What happens to the digested food molecules?

The small intestine absorbs most digested food molecules, as well as water and minerals, and passes them on to other parts of the body for storage or further chemical change. Specialized cells help absorbed materials cross the intestinal lining into the bloodstream. The bloodstream carries simple sugars, amino acids, glycerol, and some vitamins and salts to the liver. The lymphatic system, a network of vessels that carry white blood cells and a fluid called lymph throughout the body, absorbs fatty acids and vitamins.

How is the digestive process controlled?

Hormone and nerve regulators control the digestive process.

Hormone Regulators

The cells in the lining of the stomach and small intestine produce and release hormones that control the functions of the digestive system. These hormones stimulate production of digestive juices and regulate appetite.

Nerve Regulators

Two types of nerves help control the action of the digestive system: extrinsic and intrinsic nerves.

Extrinsic, or outside, nerves connect the digestive organs to the brain and spinal cord. These nerves release chemicals that cause the muscle layer of the GI tract to either contract or relax, depending on whether food needs digesting. The intrinsic, or inside, nerves within the GI tract are triggered when food stretches the walls of the hollow organs. The nerves release many different substances that speed up or delay the movement of food and the production of digestive juices.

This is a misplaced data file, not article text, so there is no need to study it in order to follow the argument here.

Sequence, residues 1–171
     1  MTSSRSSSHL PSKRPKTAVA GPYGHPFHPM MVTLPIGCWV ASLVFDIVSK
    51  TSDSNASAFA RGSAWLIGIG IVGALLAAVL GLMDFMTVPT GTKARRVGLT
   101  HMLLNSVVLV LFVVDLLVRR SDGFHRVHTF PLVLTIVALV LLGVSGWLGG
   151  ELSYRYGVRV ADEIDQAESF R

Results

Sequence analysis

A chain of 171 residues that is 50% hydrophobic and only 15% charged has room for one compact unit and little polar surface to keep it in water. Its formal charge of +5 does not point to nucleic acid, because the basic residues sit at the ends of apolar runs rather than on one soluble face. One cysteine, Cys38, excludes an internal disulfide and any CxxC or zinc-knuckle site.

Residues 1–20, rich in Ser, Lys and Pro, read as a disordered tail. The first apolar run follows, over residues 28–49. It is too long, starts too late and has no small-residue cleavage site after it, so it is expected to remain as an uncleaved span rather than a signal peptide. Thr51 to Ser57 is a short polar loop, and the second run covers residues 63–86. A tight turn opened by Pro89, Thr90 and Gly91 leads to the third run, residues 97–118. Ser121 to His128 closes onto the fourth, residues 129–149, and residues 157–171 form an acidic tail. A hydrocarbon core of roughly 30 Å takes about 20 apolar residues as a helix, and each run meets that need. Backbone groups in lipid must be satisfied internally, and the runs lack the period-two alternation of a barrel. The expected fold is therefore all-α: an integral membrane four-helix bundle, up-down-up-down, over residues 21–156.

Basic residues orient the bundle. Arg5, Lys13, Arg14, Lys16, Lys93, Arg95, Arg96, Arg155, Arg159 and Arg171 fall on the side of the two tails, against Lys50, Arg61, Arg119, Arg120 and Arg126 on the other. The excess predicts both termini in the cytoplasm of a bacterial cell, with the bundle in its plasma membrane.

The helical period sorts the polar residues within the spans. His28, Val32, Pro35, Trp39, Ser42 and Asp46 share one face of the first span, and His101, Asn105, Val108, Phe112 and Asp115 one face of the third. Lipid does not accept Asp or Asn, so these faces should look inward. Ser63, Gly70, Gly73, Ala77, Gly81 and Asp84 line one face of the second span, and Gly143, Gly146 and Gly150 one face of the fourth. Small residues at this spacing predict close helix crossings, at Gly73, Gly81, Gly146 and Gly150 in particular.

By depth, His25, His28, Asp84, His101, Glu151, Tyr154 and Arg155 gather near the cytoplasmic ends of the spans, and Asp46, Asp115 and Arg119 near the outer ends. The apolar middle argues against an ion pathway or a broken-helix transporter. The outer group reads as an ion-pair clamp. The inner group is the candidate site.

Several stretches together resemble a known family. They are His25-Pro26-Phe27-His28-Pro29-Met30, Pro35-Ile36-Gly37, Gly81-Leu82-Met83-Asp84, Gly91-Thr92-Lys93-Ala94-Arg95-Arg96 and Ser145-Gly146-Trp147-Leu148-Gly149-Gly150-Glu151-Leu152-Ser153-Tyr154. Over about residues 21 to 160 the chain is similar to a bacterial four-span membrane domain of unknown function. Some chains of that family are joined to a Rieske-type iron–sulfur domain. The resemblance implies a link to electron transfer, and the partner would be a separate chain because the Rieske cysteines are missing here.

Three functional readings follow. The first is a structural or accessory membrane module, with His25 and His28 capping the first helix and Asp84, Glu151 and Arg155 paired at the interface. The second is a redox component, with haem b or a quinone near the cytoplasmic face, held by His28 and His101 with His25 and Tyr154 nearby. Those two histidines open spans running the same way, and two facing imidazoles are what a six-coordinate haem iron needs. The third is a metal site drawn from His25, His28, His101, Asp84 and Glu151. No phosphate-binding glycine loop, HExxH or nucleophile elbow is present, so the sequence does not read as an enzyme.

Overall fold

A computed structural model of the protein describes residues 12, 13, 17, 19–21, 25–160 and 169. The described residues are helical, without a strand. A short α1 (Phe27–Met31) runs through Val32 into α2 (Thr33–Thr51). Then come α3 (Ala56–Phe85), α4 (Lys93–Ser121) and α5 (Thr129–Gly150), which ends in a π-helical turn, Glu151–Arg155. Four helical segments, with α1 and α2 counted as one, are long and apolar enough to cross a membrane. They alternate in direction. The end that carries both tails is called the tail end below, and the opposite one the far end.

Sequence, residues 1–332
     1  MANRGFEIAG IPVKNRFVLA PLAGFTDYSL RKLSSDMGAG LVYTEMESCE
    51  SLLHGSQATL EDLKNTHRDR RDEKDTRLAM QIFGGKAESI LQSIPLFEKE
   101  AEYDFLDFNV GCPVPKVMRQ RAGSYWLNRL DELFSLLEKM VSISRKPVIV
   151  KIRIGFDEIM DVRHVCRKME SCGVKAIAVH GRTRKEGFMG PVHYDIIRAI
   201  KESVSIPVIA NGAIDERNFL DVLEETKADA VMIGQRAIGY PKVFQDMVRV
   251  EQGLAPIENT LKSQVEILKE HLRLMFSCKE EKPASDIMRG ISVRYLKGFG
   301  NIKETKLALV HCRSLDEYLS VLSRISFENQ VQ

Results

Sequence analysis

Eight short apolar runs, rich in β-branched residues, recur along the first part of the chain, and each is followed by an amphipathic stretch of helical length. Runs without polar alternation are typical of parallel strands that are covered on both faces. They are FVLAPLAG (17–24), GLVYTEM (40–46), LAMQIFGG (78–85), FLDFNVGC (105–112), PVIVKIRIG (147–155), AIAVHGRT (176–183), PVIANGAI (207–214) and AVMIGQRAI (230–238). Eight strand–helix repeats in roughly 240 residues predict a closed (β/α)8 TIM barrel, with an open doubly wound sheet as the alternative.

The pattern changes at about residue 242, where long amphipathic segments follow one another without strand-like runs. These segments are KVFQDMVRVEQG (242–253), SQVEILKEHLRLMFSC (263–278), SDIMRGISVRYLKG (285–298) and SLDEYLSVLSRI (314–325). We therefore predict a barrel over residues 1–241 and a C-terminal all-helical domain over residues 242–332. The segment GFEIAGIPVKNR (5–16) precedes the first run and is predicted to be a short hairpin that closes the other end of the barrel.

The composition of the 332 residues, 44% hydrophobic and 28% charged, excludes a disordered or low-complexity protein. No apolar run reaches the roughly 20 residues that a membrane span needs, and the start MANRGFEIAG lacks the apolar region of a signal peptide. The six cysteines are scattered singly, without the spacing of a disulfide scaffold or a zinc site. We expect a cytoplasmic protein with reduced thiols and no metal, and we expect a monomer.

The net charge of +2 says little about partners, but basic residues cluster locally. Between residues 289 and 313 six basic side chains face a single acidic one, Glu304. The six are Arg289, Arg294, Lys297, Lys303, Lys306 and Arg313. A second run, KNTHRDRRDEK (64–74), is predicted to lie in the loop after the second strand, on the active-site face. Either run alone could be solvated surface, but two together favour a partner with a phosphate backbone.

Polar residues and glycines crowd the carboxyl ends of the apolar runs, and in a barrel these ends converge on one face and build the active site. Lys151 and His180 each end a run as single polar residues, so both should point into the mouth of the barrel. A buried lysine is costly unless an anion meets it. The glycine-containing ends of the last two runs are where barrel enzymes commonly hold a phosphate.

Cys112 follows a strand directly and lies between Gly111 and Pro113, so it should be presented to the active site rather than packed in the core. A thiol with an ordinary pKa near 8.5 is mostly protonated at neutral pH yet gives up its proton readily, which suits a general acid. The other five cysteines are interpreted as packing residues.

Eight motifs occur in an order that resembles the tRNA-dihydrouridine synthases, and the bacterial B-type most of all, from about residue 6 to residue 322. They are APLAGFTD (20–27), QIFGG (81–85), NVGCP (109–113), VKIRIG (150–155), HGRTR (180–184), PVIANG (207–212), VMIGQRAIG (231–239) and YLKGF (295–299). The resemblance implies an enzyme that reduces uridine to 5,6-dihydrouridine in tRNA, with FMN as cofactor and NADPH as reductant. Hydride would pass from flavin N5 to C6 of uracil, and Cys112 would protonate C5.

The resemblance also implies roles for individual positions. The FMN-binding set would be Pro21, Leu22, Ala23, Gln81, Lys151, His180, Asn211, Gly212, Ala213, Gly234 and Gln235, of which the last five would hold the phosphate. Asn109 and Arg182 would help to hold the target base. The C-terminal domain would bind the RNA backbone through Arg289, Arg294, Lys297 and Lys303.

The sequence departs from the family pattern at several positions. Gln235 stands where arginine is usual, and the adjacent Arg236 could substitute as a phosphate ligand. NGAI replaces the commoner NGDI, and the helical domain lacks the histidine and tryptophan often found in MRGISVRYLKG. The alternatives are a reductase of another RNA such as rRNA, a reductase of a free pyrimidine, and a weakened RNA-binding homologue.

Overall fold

Points to Remember
The digestive system
Summary of the digestive system 

Digestion is important for breaking down food into nutrients, which the body uses for energy, growth, and cell repair.
Digestion works by moving food through the gastrointestinal (GI) tract.

Digestion begins in the mouth with chewing and ends in the small intestine.

As food passes through the digestive system it mixes with digestive juices, causing large molecules of food to break down into smaller molecules. 
The body then absorbs these smaller molecules through the walls of the small intestine into the bloodstream, which delivers them to the rest of the body.
Waste products of digestion pass through the large intestine and out of the body as a solid matter called stool.
Digestive juices contain enzymes that break food down into different nutrients.

The small intestine absorbs most digested food molecules, as well as water and minerals, and passes them on to other parts of the body for storage or further chemical change. Hormone and nerve regulators control the digestive process.

1 comment:

  1. Very informative and enlightening... Good job!